It will further be appreciated that the fluid flow paths associated with the fluid diodes may be configured to maintain a maximum cross-sectional area to prevent clogging due to particulate matter. Accordingly, the fluid diodes may provide flow control functionality without unduly increasing a likelihood of flow path clogging. In this disclosure, it will be appreciated that the term “fluid diode” may be distinguished from a simple check valve. Particularly, the fluid diodes 112 of the present disclosure may not absolutely prevent fluid flow in a particular direction, but rather, may be configured to provide variable resistance to fluid flow through the fluid diodes, dependent on a direction of fluid flow. Fluid diodes 112 may be configured to allow fluid flow from a high resistance entry 124 to a low resistance entry 126 while also being configured to allow fluid flow from a low resistance entry 126 to a high resistance entry 124. Of course, the direction of fluid flow through a fluid diode 112 may depend on operating conditions associated with the use of the fluid diode 112.

Referring now to FIG. 8, an alternative embodiment of a diode sleeve 300 is shown. Diode sleeve 300 comprises diode apertures 302, each comprising a high resistance entry and a low resistance entry. It will be appreciated that the systems and methods disclosed above with regard to the use of inner ported sleeves 104, outer ported sleeves 108, and outer perforated liners 110 may be used to selectively configure a tool comprising the diode sleeve 300 to provide selected directional resistance of fluid transfer between bores 114 and fluid gap spaces 116. In this embodiment, diode apertures 302 substantially wrap concentrically about the central axis 102. In this embodiment, a fluid flow generally in the direction of the arrows 304 encounters higher resistance than a substantially similar fluid flow in an opposite direction would encounter. Of course, further alternative embodiments of diode sleeves and diode apertures may comprise different shapes and/or orientations.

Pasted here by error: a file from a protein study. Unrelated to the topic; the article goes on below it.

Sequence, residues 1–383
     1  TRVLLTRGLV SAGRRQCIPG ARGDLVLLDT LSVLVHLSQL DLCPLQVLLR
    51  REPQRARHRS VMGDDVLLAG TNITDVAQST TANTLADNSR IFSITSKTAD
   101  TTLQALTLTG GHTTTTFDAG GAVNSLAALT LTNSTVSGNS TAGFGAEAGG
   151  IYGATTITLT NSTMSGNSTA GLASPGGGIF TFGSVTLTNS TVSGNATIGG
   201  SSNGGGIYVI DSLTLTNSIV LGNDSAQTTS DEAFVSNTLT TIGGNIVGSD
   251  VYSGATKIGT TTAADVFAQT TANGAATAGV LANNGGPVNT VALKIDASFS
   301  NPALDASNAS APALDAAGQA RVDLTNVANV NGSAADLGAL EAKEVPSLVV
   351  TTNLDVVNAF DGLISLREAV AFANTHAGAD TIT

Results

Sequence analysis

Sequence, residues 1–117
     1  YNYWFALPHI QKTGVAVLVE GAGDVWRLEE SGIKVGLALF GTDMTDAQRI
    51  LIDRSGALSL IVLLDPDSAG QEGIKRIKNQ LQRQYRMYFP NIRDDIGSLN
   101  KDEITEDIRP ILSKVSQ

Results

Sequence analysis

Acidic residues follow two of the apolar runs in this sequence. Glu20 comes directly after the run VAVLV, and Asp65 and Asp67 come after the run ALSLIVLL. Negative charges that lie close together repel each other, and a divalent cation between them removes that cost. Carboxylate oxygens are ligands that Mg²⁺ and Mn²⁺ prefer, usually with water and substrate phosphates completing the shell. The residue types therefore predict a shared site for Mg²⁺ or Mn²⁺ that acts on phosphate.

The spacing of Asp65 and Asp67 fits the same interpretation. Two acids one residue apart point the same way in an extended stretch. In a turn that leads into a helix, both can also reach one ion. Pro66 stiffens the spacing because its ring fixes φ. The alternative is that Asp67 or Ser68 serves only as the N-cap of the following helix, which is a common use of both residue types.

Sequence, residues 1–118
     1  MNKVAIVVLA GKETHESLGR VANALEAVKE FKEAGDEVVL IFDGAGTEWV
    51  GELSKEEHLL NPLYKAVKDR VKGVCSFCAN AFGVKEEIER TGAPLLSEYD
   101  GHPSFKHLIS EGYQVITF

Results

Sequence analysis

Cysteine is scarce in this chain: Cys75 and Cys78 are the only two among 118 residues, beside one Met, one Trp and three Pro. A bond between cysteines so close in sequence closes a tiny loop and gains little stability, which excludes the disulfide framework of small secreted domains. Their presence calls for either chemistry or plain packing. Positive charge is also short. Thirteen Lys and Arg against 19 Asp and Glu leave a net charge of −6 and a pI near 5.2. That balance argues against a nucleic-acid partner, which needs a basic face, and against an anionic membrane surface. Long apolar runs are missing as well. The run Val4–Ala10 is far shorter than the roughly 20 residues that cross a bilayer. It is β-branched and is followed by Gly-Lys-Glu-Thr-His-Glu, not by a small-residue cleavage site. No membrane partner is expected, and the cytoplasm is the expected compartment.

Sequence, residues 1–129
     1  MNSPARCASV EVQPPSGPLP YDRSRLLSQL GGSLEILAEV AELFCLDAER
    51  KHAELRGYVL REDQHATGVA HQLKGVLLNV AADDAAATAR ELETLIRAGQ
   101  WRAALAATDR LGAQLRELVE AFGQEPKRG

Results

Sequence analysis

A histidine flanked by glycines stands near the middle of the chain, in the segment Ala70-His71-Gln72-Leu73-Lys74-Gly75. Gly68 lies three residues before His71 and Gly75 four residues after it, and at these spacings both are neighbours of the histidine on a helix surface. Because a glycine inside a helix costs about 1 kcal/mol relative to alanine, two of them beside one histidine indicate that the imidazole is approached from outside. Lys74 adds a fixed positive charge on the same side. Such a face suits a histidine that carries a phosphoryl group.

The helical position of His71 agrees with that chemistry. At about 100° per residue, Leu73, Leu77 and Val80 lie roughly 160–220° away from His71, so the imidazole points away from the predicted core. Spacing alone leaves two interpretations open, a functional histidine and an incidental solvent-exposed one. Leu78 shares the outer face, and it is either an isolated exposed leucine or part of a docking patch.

Referring now to FIG. 9, an orthogonal view of the shape of the diode aperture 122 as laid out flat on a planar surface is shown.